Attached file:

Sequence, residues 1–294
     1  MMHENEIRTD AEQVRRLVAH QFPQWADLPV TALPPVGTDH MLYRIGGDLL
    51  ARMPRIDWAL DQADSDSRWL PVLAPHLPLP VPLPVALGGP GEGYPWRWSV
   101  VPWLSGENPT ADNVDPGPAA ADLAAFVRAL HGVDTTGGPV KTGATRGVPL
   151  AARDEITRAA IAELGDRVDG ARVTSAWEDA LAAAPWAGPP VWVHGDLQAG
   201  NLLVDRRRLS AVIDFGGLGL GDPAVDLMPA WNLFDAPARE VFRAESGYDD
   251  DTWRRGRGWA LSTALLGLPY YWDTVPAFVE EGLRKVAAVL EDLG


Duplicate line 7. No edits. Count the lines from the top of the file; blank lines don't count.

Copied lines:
   251  DTWRRGRGWA LSTALLGLPY YWDTVPAFVE EGLRKVAAVL EDLG